New entrance put to wheelchair test

On paper, it met the standards but Riverside Health Care Facilities Inc. decided to put its new front entrance to the human test Monday afternoon to make sure it met wheelchair accessibility requirements.
Volunteer Lorraine Sokoliuk wheeled around the million-dollar new entrance at La Verendrye Health Centre, which opened Monday morning, to see if something needed to be changed.
“I think it’s basically wonderful. I really do,” Sokoliuk enthused after her tour, adding it meant a lot to maintain her independence.
Most important, she noted, was being treated like everyone else. Now when she sits before the reception desk, she can look the receptionist in the eye and not be hidden by the counter.
While she found the washroom doors, pay phones, and handicapped parking spaces needed some adjustments (those issues are being taken to senior management), Sokoliuk concluded the new admitting and reception area, along with the hospital auxiliary store, privacy room, and washrooms, was wheelchair friendly.
That’s a big change from a facility that, prior to the start of the renovations, had only one washroom accessible for those in wheelchairs. In fact, Sokoliuk recalled brushing her teeth in the TV room during one hospital stay because she couldn’t get in the washroom.
“To walk up the [ambulance] ramp or to wheel up the ramp was impossible,” she recalled.
“It’s a great improvement. A hospital should meet everybody’s needs,” echoed Laurie Lundale, manager of patient information services. “The flow of traffic should flow much smoother now.”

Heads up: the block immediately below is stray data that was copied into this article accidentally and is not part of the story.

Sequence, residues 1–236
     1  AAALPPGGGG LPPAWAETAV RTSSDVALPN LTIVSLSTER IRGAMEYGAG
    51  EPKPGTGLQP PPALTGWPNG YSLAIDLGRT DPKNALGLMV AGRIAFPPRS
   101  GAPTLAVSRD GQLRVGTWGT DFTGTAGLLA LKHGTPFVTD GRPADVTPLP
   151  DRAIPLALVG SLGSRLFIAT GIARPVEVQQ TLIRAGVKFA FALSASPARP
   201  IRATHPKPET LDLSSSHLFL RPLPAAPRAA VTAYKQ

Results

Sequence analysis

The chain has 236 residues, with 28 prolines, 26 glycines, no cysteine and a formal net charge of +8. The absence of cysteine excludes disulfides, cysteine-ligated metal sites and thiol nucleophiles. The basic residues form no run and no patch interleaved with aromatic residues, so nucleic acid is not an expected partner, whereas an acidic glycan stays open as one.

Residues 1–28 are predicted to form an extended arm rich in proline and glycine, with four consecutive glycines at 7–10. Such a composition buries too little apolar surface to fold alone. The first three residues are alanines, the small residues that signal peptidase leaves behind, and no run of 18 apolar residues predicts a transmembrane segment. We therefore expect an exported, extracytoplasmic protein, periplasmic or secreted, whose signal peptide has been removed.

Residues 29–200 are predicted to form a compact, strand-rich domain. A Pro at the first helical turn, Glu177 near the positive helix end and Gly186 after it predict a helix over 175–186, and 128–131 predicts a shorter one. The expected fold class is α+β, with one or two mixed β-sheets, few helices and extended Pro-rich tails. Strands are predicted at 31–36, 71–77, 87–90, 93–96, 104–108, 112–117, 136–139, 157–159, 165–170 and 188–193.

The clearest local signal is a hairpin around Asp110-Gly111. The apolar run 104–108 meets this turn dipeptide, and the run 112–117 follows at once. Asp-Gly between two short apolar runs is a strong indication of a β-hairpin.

Monday’s opening means any hospital patients or visitors must use the new Front Street entrance between 7 a.m. and 8:30 p.m. After hours, those doors will be locked and people asked to use the old ambulance ramp entrance.
Emergencies will continue to use the ambulance ramp entrance at all times.
Meanwhile, Riverside isn’t sure when it will begin the next phase in La Verendrye’s capital renovations–a $3-million revamp of the operating room and surgical services, diagnostic imaging, and the emergency room.
“We would expect that we would get a 50/50 cost share [from the ministry of health],” explained Liz Clark, Riverside’s acting CEO, adding the funding application, along with the sketch plans, were being sent off within the next week.
If that funding arrangement does come through, it means Riverside–and the community–would be responsible for $1.5 million of the cost.
Phases already completed include the rehabilitation department, stores and maintenance, and cafeteria area; consolidation of St. Anne’s and St. Edward’s wards to a 30-bed acute care, ICU, and birthing area; and moving the administration and support services to the second floor.
So far, none of the renovation projects have received senior government funding.